We continue to show Donald the beauty of the Societies. It was time to leave Huahine and head back to Raiatea.  

The great thing about cruising the Societies is that the islands are not very far apart.  We had a small weather window and decided to sail back to Raiatea.  We still had lots of gusts (up to 35-38kts), but it was our best opportunity.  This trip was with the wind and waves so it would be a lot easier than our trip to Huahine.

As we left, we had gusts up to 38kts and then they would die down to 7-8kts.  Talk about learning and trimming the sails a lot.  It sure was interesting.  We ended up completing the passage in 4 hours (as opposed to the 6 hours it took to get us there).  We had top speed of 11.5kt when we had a wind gust and surfed down a wave. 

Approaching Raiatea – I love how the mountains all wear cloud hats :0

Raiatea wearing a cloud hat

Raiatea wearing a cloud hat

Baie Haio – New Bay for Sugar Shack

We found a new baie to us.  Baie Haio is gorgeous and is located on the southern tip of Raiatea.  We are surrounded by palm tree shores.

Baie Haio, Raiatea

Baie Haio, Raiatea

We went exploring on shore and came to the town of Fetuna where there is a church, a small magasin, and a school.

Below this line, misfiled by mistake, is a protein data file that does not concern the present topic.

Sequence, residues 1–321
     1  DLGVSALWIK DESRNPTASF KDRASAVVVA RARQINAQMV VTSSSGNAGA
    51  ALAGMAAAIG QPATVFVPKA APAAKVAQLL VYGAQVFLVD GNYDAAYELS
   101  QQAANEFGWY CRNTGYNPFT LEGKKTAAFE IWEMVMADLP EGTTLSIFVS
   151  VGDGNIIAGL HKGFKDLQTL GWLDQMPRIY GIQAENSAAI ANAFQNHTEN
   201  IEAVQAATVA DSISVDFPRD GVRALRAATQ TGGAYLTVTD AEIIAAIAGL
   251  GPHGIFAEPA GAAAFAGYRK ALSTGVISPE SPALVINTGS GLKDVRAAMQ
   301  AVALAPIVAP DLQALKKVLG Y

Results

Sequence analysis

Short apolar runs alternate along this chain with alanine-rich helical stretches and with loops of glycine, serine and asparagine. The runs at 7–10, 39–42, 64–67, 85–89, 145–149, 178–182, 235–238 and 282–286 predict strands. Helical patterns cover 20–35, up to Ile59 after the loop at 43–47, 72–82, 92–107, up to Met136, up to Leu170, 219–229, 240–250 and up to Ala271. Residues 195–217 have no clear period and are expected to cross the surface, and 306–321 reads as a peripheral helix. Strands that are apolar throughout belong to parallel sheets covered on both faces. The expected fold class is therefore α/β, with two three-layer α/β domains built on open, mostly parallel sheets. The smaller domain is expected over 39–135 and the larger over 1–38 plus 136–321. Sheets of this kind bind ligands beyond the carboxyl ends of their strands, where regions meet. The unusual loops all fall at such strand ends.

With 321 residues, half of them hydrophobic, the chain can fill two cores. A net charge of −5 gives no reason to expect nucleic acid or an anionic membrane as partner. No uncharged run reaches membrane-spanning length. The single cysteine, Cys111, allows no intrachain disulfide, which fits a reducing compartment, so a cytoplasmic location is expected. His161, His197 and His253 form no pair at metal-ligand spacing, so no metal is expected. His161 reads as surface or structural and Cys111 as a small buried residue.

Baie Haio, Raiatea

Village of Fetuna in Baie Haio, Raiatea

The moon peered out from behind the palm trees making a spectacle of himself.

The next morning Matt broke out the drone and captured more magnificent photos of Sugar Shack.  This is certainly my favorite bay in Raiatea and might be one of my favorite bays in the Societies.

Shot towards the motu as the sunrises

Shot towards the pass showcasing the reef and motu.

And the grand poo ba of them all – a shot toward the mountain.

Heading North

We got up early to head north.  It would be an upwind passage so we could not even take out the sail.  Just a motor.  But it was really pretty.  We exited the southern pass (Passe Punaeroa) because the is no navigable passage inside the lagoon in this area.  We re-entered the Passe Tetuatiare with the hopes of finding a good anchor spot behind Ilot Horea.  However, with easterly winds it dropped us too close to the reef so we decided to move on to plan B.

This image was taken as we were motoring outside the lagoon.  Check out the huge waves breaking on the reef between us and the lagoon.

Plan B was to move into Passe Rautoanui and hang a right to see if we could anchor near village Tevaitoa.  However, there were no moorings and it was way too deep for us to drop the hook. So, off we go to Plan C.